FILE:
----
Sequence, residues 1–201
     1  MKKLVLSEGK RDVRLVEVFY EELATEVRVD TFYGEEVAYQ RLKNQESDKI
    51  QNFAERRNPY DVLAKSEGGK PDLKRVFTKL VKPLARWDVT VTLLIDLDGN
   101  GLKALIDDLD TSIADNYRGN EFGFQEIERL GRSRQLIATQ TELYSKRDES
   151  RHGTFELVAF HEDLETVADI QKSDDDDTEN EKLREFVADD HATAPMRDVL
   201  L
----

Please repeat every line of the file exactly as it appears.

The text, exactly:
Sequence, residues 1–201
     1  MKKLVLSEGK RDVRLVEVFY EELATEVRVD TFYGEEVAYQ RLKNQESDKI
    51  QNFAERRNPY DVLAKSEGGK PDLKRVFTKL VKPLARWDVT VTLLIDLDGN
   101  GLKALIDDLD TSIADNYRGN EFGFQEIERL GRSRQLIATQ TELYSKRDES
   151  RHGTFELVAF HEDLETVADI QKSDDDDTEN EKLREFVADD HATAPMRDVL
   201  L